Open Access Research article

Doppler ultrasound findings correlate with tissue vascularity and inflammation in surgical pathology specimens from patients with small intestinal Crohn’s disease

Tomohiko Sasaki128, Reiko Kunisaki2*, Hiroto Kinoshita2, Hideaki Kimura2, Teruaki Kodera3, Akinori Nozawa3, Akiho Hanzawa4, Naomi Shibata4, Hiromi Yonezawa4, Eiji Miyajima4, Satoshi Morita5, Shoichi Fujii6, Kazushi Numata1, Katsuaki Tanaka1, Masanori Tanaka7 and Shin Maeda8

Author Affiliations

1 Gastroenterological Center, Yokohama City University Medical Center, Yokohama, Japan

2 Inflammatory Bowel Disease Center, Yokohama City University Medical Center, Yokohama, Japan

3 Department of Pathology, Yokohama City University Medical Center, Yokohama, Japan

4 Department of Laboratory Medicine and Clinical Investigation, Yokohama City University Medical Center, Yokohama, Japan

5 Department of Biostatistics and Epidemiology, Graduate School of Medicine, Yokohama City University, Yokohama, Japan

6 Department of Surgery, NTT Medical Center Tokyo, Tokyo, Japan

7 Department of Pathology and Laboratory Medicine, Hirosaki City Hospital, Aomori, Japan

8 Department of Gastroenterology, Yokohama City University Graduate School of Medicine, Yokohama, Japan

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BMC Research Notes 2014, 7:363  doi:10.1186/1756-0500-7-363

Published: 14 June 2014



Crohn’s disease (CD) is routinely evaluated using clinical symptoms, laboratory variables, and the CD activity index (CDAI). However, clinical parameters are often nonspecific and do not precisely reflect the actual activity of CD small-intestinal lesions. The purposes of this prospective study were to compare color Doppler ultrasound (US) findings with histological findings from surgically resected specimens and confirm the hypothesis that color Doppler US can distinguish tissue inflammation and fibrosis.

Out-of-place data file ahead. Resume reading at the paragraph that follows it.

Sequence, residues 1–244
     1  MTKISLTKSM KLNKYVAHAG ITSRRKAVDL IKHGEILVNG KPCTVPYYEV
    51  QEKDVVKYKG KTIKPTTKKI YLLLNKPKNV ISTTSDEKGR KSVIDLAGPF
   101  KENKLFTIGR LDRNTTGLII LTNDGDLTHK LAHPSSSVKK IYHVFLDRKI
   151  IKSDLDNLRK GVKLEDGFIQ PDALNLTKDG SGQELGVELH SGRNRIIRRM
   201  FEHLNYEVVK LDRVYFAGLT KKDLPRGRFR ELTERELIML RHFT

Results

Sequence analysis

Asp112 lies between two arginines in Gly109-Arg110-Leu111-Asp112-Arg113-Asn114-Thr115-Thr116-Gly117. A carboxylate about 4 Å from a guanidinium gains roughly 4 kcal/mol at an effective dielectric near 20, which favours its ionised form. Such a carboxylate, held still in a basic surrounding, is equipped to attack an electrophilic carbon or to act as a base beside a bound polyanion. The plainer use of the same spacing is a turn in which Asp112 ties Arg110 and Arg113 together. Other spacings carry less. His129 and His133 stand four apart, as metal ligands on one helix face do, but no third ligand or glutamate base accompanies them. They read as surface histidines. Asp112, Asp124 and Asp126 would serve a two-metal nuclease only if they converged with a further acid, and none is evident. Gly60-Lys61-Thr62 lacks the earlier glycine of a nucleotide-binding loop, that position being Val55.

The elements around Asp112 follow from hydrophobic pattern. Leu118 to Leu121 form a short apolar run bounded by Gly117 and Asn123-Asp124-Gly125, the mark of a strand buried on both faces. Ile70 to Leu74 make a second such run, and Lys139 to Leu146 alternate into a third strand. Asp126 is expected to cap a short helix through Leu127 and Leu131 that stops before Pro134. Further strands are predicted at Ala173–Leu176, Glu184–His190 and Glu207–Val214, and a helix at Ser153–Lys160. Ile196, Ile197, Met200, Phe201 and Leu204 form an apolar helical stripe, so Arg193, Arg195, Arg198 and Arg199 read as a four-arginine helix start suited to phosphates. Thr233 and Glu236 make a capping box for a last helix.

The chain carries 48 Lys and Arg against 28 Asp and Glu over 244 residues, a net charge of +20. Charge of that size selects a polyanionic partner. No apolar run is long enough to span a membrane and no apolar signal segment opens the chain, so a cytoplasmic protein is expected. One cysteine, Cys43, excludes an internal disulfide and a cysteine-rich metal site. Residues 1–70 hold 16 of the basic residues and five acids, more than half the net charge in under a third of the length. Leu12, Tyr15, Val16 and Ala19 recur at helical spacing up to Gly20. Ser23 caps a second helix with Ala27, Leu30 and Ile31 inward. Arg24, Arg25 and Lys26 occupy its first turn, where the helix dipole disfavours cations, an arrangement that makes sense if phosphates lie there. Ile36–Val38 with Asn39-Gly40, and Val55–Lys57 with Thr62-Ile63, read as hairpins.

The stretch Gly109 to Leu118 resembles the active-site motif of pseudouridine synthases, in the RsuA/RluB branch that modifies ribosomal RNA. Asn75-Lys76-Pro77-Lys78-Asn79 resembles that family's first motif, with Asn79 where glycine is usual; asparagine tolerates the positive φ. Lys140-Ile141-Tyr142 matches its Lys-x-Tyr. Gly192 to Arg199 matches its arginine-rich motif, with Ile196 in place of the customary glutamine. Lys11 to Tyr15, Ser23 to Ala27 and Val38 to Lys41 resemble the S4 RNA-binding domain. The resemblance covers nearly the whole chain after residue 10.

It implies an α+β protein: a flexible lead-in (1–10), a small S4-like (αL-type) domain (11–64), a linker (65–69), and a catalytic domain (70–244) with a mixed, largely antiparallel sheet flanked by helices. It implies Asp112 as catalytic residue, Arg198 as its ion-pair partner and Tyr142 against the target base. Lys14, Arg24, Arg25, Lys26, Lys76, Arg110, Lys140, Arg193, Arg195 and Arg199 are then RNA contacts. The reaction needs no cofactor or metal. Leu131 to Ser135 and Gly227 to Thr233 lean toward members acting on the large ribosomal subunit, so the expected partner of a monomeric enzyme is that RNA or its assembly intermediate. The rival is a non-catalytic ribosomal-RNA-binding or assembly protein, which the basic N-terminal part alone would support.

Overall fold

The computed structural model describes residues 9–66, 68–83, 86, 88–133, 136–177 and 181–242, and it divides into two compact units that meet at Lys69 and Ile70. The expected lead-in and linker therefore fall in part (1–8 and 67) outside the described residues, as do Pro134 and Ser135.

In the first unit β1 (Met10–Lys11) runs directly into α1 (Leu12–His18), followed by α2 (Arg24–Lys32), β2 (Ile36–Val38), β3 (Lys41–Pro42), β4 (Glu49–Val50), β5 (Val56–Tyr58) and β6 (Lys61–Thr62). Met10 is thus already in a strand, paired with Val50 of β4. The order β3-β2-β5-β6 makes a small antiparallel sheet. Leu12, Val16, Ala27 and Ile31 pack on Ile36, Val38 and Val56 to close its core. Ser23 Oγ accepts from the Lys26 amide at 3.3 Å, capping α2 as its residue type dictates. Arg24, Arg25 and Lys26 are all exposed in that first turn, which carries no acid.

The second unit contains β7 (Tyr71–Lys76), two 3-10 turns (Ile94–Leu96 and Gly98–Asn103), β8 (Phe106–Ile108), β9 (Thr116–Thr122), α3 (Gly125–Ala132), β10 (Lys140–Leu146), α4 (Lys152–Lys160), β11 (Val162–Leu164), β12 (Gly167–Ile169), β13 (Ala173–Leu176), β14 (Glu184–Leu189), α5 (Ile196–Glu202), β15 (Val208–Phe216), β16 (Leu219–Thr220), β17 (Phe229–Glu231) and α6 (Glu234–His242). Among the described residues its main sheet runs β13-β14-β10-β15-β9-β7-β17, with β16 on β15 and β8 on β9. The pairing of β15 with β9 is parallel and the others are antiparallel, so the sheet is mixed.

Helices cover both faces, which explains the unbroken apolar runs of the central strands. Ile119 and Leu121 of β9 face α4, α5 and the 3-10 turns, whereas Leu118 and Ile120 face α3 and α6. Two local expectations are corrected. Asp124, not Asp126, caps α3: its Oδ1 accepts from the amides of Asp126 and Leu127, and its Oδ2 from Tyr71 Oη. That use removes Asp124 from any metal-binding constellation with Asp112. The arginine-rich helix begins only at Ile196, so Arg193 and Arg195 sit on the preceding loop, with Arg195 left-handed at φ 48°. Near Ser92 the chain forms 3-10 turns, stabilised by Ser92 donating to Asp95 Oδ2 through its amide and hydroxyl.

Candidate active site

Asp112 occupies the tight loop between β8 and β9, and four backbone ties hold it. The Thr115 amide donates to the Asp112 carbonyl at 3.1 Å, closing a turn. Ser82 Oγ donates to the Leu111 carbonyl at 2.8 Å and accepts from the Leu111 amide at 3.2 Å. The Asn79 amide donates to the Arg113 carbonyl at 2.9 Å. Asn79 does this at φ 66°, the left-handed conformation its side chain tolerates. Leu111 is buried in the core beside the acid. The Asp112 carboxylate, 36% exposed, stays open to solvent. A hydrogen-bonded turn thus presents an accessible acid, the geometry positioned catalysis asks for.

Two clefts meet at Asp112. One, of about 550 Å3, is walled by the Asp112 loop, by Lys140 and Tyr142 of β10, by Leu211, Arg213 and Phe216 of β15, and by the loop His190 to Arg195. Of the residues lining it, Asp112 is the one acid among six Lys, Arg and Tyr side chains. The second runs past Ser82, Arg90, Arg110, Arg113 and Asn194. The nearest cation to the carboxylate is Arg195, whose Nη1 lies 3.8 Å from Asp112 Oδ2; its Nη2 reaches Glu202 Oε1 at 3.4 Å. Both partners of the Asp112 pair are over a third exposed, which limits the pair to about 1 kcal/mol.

Among 1764 consecutive patients who underwent color Doppler US examinations, 10 patients with CD (12 small-intestinal CD lesions) who underwent US examinations before elective small-intestine resection were evaluated in the present study. Areas of thickened intestinal walls were evaluated in terms of blood flow using color Doppler US imaging. The blood flow was semiquantitatively classified as “hyper-flow” and “hypo-flow” according to the Limberg score. Resected lesions were macroscopically and histopathologically processed. Inflammatory cell infiltration, fibrosis and vascularity were evaluated by myeloperoxidase (granulocytes), CD163 (macrophages), CD79a (B cells), CD3 (T cells), Masson’s trichrome (fibrosis), and factor VIII staining (vascular walls). All histopathological images were entered into virtual slide equipment and quantified using a quantitative microscopy integrated system (TissueMorph™).


There were no significant differences in disease features or laboratory findings between “hypo-flow” lesions (n = 4) and “hyper-flow” lesions (n = 8). Histopathologically, “hyper-flow” lesions showed significantly greater bowel wall vascularity (factor VIII) (p = 0.047) and inflammatory cell infiltration, including CD163 macrophages (p = 0.008), CD3 T cells, and CD79a B cells (p = 0.043), than did “hypo-flow” lesions. There was no apparent association between the blood flow and CDAI.


In this study, active CD lesions were macroscopically visible in surgical specimens of patients with increased blood flow on preoperative color Doppler US imaging. Additionally, these CD lesions exhibited significantly greater vascularity and numbers of inflammatory leukocytes microscopically. Color Doppler US may predict tissue inflammation and fibrosis in small-intenstinal CD lesions.

Crohn’s disease; Small intestine; Color doppler ultrasound; Vascularity; Inflammation; Fibrosis